Lost WNBA Semifinals (Los Angeles, 1-3)
2017 2017 WNBA 9th 12 22 .353 Courtney Vandersloot (APP) Amber Stocks
2018 2018 WNBA 10th 13 21 .382 Courtney Vandersloot (APP)
2019 2019 WNBA 5th 20 14 .588 Won First Round (Phoenix, 1-0)
Lost Second Round (Las Vegas, 0-1)
James Wade (COY)
Courtney Vandersloot (APP)
James Wade
2020 2020 WNBA 6th 12 10 .545 Lost First Round (Connecticut, 0-1) Courtney Vandersloot (APP)
Regular season 224 274 .450 1 Conference Championships
Playoffs 8 14 .364 0 WNBA Championships

Players

Current roster

Former players

Coaches and staff

Owners

Head coaches

General managers

Assistant coaches

Statistics

Media coverage

Currently, some Sky games are broadcast locally on The U Too. Select games are broadcast nationally on ESPN or NBA TV. Broadcasters for the Sky games are Lisa Byington and Stephen Bardo.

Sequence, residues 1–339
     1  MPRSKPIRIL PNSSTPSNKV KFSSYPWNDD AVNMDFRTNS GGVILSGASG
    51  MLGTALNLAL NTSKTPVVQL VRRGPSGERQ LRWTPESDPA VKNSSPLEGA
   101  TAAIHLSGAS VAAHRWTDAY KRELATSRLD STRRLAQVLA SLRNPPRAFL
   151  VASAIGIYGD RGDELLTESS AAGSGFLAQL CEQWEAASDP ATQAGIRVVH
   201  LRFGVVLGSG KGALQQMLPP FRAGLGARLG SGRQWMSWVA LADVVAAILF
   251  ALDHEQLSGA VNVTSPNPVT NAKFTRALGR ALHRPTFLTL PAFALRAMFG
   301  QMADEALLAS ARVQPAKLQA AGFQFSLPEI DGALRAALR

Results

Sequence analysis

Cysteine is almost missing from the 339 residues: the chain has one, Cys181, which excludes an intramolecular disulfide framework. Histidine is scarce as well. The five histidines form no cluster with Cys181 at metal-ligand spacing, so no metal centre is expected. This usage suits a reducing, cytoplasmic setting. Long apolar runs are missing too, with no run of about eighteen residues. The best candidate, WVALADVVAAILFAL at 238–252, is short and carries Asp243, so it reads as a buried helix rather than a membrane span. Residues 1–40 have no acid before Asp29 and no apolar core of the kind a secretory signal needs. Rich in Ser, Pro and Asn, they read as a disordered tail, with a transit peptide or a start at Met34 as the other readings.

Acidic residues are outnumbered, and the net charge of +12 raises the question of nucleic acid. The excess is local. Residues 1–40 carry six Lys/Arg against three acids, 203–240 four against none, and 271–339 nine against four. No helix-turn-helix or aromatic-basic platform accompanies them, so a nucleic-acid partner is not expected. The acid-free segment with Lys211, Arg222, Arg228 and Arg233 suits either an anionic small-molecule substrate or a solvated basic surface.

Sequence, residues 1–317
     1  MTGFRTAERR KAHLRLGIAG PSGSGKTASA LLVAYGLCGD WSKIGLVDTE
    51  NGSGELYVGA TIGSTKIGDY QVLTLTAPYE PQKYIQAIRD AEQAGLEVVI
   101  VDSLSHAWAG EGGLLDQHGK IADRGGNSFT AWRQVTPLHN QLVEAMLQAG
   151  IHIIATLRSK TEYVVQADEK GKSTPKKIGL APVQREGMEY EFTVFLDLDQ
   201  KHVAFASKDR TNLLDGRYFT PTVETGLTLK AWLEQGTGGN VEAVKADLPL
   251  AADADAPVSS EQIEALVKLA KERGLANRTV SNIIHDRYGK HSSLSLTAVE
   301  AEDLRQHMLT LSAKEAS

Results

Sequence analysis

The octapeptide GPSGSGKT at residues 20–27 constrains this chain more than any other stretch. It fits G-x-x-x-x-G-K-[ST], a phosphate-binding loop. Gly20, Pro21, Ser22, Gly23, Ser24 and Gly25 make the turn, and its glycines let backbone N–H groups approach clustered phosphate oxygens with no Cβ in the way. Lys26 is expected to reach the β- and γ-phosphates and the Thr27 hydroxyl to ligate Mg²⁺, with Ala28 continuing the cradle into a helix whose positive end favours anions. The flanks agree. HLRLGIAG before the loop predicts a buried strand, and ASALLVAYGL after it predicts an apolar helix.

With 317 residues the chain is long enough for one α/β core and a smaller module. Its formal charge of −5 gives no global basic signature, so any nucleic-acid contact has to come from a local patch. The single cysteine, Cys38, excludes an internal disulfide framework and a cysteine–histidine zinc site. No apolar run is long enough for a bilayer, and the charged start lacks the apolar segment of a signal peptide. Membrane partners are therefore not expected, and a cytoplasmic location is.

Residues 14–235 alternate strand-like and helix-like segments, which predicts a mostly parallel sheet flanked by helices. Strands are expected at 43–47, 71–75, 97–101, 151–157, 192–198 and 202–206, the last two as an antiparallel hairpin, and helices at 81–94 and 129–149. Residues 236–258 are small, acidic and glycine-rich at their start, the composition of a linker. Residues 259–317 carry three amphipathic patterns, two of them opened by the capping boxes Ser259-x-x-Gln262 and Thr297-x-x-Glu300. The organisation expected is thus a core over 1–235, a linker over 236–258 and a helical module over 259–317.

The Sky was on radio for two seasons on WVON-AM 1690 with Les Grobstein on play-by-play and Tajua Catchings (whose sister Tamika Catchings is a star with the Indiana Fever) handling color. After 2008, WVON did not carry games any longer over a financial disagreement, and the Sky has not been on radio since.Their Home game only were carried on line during the 2008 season,but no Radio type play by play has been on since.

All games (excluding blackout games, which are available on ESPN3.com) are broadcast to the WNBA LiveAccess game feeds on the league website. Furthermore, some Sky games are broadcast nationally on ESPN, ESPN2 and ABC. The WNBA has reached an eight-year agreement with ESPN, which will pay right fees to the Sky, as well as other teams in the league.[14]

All-time notes

Regular season attendance

  • A sellout for a basketball game at UIC Pavilion (2006-2009) is 6,972.
  • A sellout for a basketball game at Allstate Arena (2010-2017) is 17,500.
  • A sellout for a basketball game at Wintrust Arena (2018-present) is 10,387.